Film Review: Amour










We are delighted to present another in a series of film reviews by film critic Jean Oppenheimer.

With Amour, Austrian-born writer/director Michael Haneke has crafted his masterpiece. An exquisite film, but not an easy one to watch, Amour –- in French, with English subtitles — concerns Georges and Anne (Jean-Louis Trintignant and Emmanuelle Riva, both superb), an octogenarian couple who are confronted with a devastating new reality when Anne suffers a debilitating stroke, followed by the first signs of dementia.

It is clear the couple shares an unusually loving and intimate bond, so bound up with one another that they have little room for their self-centered daughter (Haneke regular Isabelle Huppert). At first, Georges insists on taking care of Anne himself, but soon he is forced to hire nurses. Frustrated by her impaired condition, Anne lashes out verbally and physically. Shocked and distressed by his wife’s sudden change in personality, Georges watches helplessly and, at times, acts harshly. The dementia that slowly robs Anne of her senses is harrowing to watch, not only for Georges but for the movie audience as well. A profoundly unsentimental filmmaker, Haneke spares neither his characters nor his audience the indignities of Anne’s decaying body and mind.

An icy detachment has long informed Haneke’s work — less so in Amour than in his previous works. In fact, Amour is quite a departure for Haneke, who has always been a controversial filmmaker –- more for his earlier projects, Benny’s Video, Funny Games (both the Austrian and American versions), The Seventh Continent –- than for his more recent work, such as Caché and The White Ribbon. (The Piano Teacher, my favorite of his films after Amour, falls somewhere in-between.) Throughout his career the director has revealed what can only be described as a perverse, sadistic streak, not only toward the characters in his films but also toward the movie audience. He seems to relish implicating the viewer in the psychological violence that unfolds on screen, as if to say, “why are you willing to sit here and watch this unfathomable cruelty? What’s wrong with you?”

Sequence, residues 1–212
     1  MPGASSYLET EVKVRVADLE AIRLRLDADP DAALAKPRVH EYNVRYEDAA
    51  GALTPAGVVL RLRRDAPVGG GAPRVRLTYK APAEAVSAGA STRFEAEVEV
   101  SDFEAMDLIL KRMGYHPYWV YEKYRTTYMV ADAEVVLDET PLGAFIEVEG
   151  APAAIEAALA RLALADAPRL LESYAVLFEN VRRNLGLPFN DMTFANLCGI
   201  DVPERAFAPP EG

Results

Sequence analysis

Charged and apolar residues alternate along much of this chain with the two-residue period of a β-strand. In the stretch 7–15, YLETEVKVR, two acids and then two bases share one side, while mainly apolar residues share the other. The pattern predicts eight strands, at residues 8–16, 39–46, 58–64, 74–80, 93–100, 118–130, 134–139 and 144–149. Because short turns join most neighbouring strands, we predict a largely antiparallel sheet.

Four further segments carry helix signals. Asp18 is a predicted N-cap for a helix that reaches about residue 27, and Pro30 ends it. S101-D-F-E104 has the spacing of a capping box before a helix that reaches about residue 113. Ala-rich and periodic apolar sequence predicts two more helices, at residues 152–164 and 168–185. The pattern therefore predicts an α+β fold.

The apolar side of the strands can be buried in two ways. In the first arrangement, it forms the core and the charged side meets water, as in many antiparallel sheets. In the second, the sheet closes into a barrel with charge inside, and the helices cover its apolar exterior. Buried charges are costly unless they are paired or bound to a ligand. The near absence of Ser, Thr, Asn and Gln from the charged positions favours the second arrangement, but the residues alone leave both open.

Haneke has been making films in France — and in French — for the past decade; the American version of Funny Games was his sole English-language endeavor. There is a meticulous, unflinching precision to all of his films. Working here at the pinnacle of his talent, Haneke has surprised both his admirers and his detractors, exhibiting a sense of human feeling absent from his other work. Despite the pain, suffering and shocking events that transpire on screen, Amour clearly is a film about a deep and enduring love. It is the most compassionate film Haneke has ever made.